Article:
She valued his esteem, she coveted his respect, she wanted to be worthy of his friendship, and just when the wish was sincerest, she came near to losing everything.
His manner was as courteous toward her as the most exacting woman could require; but he made no direct appeal to her approval or even esteem.
I agree with you, Alice, in thinking that such a front and eye were formed rather to intimidate than to deceive; but let us not practice a deception upon ourselves, by expecting any other exhibition of what we esteem virtue than according to the fashion of the savage.
I now live in peace and safety, enjoying the sweets of liberty, and the bounties of Providence, with my once fellow-sufferers, in this delightful country, which I have seen purchased with a vast expence of blood and treasure, delighting in the prospect of its being, in a short time, one of the most opulent and powerful states on the continent of North- America; which, with the love and gratitude of my country-men, I esteem a sufficient reward for all my toil and dangers.
MI profess I have never seen the like since my days of vanity, in old King James's time, when I was wont to esteem it a high favour to be admitted to a court mask
Her thus turning her back on me was fortunately not, for my just preoccupations, a snub that could check the growth of our mutual esteem.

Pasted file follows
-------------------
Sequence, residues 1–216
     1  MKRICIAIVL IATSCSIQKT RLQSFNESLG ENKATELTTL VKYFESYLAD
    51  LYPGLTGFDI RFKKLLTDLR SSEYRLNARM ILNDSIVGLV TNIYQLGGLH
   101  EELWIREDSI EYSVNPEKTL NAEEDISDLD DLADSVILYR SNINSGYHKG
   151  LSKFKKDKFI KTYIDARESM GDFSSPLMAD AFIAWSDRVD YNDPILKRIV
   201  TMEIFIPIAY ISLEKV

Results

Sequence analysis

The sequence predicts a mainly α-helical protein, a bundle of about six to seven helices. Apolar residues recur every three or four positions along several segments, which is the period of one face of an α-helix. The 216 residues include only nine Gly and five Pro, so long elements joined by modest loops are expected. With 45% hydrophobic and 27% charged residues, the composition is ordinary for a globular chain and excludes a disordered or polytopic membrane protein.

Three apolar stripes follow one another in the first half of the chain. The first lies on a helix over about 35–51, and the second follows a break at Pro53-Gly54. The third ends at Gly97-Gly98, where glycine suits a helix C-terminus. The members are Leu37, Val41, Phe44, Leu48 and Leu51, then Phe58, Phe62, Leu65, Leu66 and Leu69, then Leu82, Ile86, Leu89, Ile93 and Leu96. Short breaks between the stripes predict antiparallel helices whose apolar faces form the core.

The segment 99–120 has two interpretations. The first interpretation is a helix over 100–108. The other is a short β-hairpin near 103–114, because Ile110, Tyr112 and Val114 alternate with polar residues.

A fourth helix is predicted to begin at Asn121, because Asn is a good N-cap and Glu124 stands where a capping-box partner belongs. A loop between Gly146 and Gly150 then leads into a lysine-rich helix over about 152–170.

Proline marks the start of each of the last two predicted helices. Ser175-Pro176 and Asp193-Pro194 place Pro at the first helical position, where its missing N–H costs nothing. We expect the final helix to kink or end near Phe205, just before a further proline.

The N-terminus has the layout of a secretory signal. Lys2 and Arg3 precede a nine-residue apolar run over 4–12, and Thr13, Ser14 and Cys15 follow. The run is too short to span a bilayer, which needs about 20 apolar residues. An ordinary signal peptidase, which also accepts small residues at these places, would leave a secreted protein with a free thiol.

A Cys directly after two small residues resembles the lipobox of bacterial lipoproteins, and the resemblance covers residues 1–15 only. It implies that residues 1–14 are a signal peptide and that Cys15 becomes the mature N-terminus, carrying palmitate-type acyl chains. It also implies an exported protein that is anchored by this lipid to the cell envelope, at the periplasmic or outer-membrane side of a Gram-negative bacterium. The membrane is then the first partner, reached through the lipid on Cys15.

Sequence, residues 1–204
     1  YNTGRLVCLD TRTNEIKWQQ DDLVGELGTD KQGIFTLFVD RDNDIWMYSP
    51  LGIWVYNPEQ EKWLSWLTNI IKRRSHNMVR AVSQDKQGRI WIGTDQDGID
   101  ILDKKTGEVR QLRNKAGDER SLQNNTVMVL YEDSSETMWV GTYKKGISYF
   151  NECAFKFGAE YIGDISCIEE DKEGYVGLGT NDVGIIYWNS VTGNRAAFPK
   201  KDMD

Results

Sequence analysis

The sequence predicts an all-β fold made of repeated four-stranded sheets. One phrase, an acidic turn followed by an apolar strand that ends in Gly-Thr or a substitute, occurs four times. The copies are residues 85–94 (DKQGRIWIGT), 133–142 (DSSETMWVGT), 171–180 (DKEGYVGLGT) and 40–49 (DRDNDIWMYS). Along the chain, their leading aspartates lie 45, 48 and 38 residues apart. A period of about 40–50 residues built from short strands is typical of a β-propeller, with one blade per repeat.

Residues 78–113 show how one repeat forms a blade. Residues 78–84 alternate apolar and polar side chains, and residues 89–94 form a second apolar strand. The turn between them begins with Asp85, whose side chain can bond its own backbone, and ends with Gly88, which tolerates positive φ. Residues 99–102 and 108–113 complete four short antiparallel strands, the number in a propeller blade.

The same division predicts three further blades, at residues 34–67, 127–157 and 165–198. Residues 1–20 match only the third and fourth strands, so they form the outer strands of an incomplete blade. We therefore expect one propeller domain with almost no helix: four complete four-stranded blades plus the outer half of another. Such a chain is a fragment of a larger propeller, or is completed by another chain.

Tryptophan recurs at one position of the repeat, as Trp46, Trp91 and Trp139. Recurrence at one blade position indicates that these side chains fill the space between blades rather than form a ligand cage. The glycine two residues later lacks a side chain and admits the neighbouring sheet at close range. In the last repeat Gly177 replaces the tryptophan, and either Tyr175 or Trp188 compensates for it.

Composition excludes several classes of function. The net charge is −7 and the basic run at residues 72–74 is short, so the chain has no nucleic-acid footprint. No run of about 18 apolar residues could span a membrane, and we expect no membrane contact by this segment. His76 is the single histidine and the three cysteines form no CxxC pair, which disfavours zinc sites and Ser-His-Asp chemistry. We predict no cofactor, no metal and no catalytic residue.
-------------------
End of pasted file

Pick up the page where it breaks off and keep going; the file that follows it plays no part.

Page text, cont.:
I have forgotten to mention that, in many things, Queequeg placed great confidence in the excellence of Yojo's judgment and surprising forecast of things; and cherished Yojo with considerable esteem, as a rather good sort of god, who perhaps meant well enough upon the whole, but in all cases did not succeed in his benevolent designs.
It seemed monstrous to him that policemen and judges should esteem his word as nothing in comparison with the bartender's--poor Jurgis could not know that the owner of the saloon paid five dollars each week to the policeman alone for Sunday privileges and general favors-- nor that the pugilist bartender was one of the most trusted henchmen of the Democratic leader of the district, and had helped only a few months before to hustle out a record-breaking vote as a testimonial to the magistrate, who had been made the target of odious kid-gloved reformers.
We have to be told that the Greeks called the world Beauty, or Order, but we do not see clearly why they did so, and we esteem it at best only a curious philological fact.
Weston was the object of a regard which had its basis in gratitude and esteem.
I have never yet known what it was to separate esteem and love.
He'll love and hate equally under cover, and esteem it a species of impertinence to be loved or hated again.